In a couple of weeks, New York City will be host to more than a hundred events about climate change. From roundtables showcasing the latest low carbon innovation, to mass gatherings demanding climate action, this unprecedented mobilization, under the umbrella of Climate Week NYC, will be critical to the success of the UN Climate Summit convened by Secretary-General Ban Ki-moon on September 23. With little over a year to go until crucial climate talks in Paris in December 2015, I hope this week will show we've moved on from finding excuses not to act and arguing about whose approach is best, to working together and taking decisive action now.
This month in New York, the business voice will be heard loud and clear. More companies and investors are committed to bold climate action than ever before. I will take part in the launch of "We Mean Business," a new coalition of organizations working with thousands of the most influential corporate leaders, that attests to this fact. We Mean Business will highlight the economic opportunity offered by a low carbon future.
And there has never been a better time to talk about the benefits of what I call the "clean industrial revolution." The technology that is needed for this new economy exists today and is proven, and it is being deployed commercially around the world. The proof is in the markets. Research by Bloomberg New Energy Finance shows global investment in clean energy last year was U.S. $254 billion. Even though this is still only 15 percent of overall energy supply investment, renewables are expected to represent two-thirds of power investment by 2030.
A separate study by CDP, an organization which works with investors and corporations to disclose their emissions (and this year is the co-convenor of Climate Week NYC with The Climate Group), reveals that those businesses who commit to carbon reduction projects see an average rate of return on investment of 33 percent, with payback taking just three years. This investment is already driving jobs: last year in the U.S. alone, 1 in every 142 jobs was created in the burgeoning solar energy sector.
Postponing the clean revolution would only result in bigger costs for business, greater disruption to industry, and less chance of success. In fact, a White House report published in July estimates that delaying policy action on climate for a decade would increase total mitigation costs by approximately 40 percent, with no action at all risking 'substantial economic damage.'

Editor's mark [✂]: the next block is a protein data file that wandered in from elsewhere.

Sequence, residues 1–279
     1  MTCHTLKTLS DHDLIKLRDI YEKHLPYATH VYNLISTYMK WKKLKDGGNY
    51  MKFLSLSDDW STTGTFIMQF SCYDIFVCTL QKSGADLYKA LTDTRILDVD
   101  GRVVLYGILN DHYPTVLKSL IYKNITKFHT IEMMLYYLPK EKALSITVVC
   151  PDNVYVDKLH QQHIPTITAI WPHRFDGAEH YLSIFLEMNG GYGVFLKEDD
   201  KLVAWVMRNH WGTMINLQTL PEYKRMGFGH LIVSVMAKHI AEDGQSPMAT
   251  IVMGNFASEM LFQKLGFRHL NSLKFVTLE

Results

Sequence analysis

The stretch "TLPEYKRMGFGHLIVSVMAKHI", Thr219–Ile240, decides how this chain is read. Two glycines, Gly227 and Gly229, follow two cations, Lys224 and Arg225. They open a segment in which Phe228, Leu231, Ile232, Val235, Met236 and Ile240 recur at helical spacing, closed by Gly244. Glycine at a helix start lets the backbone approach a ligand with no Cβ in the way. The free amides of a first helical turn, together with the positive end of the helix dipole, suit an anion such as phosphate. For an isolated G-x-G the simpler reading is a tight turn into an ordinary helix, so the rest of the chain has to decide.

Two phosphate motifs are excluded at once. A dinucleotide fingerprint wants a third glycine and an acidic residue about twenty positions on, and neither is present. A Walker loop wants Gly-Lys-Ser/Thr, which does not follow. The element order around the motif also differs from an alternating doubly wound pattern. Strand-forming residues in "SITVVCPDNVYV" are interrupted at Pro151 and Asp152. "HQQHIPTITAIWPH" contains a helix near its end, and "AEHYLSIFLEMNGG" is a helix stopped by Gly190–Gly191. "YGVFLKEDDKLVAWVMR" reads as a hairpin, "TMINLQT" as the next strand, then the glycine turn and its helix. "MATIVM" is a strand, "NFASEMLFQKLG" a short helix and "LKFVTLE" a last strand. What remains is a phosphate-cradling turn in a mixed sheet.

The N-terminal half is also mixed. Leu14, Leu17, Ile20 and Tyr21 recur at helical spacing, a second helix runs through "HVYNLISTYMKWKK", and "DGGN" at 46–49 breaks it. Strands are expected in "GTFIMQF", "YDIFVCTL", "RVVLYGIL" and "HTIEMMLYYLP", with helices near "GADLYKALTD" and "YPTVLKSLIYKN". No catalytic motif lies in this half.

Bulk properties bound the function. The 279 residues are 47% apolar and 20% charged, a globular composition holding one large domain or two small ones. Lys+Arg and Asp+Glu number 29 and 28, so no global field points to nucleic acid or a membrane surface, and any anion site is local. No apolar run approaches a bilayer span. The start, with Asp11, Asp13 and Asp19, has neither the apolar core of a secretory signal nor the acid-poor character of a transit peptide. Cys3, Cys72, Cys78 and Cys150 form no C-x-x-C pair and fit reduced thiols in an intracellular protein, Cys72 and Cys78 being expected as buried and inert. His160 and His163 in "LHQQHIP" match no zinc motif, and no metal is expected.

To put it simply, there are three choices: do nothing and face economic and environmental meltdown; wait and perhaps prevent dangerous climate change but at a significant cost; or act now and create a high-value sustainable economy. Put like that, there's obviously only one sensible option.
I believe that the Paris climate talks next year have enormous potential to deliver a charter for real collaborative action on climate change, and for us to make this collective common-sense choice. But it depends on the will of government leaders. Without support at the domestic level, the scope of a bold global agreement is greatly reduced. And this month's Climate Summit in New York is where we will hopefully witness this leadership. It's good news that President Obama has announced he will attend the Summit and I hope many other heads of state will follow suit.
With its 100 affiliate events in support of the UN Summit, Climate Week NYC will propel climate change back to the top of the global agenda and convince world leaders to demonstrate bold commitments now. This is a unique chance to help secure a climate deal in Paris next year -- and to be on the right side of history.
This post is part of a month-long series produced by The Huffington Post in conjunction with a variety of events being held in September recognizing the threats posed by climate change. Those events include the UN's Climate Summit 2014 (to be held Sept. 23, 2014, at UN headquarters in New York) and Climate Week NYC (Sept. 22-28, 2014, throughout New York City). To see all the posts in the series, read here.
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